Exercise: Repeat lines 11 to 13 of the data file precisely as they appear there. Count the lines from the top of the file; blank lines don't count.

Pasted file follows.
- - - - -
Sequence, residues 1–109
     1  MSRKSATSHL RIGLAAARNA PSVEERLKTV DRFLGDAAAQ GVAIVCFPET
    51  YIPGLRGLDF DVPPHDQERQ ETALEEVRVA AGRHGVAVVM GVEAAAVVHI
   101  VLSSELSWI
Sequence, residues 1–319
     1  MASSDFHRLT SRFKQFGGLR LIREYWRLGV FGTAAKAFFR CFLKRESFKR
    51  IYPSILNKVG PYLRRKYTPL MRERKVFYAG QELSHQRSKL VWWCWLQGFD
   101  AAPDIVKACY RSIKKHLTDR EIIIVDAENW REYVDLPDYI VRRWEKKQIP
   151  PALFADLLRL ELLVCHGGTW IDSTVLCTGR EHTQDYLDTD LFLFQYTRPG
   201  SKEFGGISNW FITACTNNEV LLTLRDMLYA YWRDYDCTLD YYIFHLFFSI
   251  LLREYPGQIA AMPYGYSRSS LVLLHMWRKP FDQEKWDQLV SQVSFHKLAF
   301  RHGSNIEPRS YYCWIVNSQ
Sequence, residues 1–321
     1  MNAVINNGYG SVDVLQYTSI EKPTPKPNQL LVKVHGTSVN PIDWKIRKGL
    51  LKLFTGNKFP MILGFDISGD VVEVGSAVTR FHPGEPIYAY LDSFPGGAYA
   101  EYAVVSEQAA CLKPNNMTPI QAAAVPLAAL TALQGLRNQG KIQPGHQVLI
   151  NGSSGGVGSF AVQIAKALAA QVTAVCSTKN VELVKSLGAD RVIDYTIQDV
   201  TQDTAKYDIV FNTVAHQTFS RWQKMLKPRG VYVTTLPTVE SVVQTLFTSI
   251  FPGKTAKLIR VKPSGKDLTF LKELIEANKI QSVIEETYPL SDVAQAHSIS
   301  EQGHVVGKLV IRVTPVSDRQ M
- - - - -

   251  LLREYPGQIA AMPYGYSRSS LVLLHMWRKP FDQEKWDQLV SQVSFHKLAF
   301  RHGSNIEPRS YYCWIVNSQ
Sequence, residues 1–321